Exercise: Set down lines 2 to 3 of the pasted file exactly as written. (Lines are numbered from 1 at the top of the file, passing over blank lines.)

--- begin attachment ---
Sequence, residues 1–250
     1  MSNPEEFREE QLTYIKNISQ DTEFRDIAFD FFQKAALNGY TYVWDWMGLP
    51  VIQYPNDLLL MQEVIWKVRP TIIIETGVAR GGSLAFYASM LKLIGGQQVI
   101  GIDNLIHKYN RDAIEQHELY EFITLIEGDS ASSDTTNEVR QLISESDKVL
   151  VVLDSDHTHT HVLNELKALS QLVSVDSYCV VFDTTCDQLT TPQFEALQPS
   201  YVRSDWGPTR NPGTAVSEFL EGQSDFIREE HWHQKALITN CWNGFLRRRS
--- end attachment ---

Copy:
     1  MSNPEEFREE QLTYIKNISQ DTEFRDIAFD FFQKAALNGY TYVWDWMGLP
    51  VIQYPNDLLL MQEVIWKVRP TIIIETGVAR GGSLAFYASM LKLIGGQQVI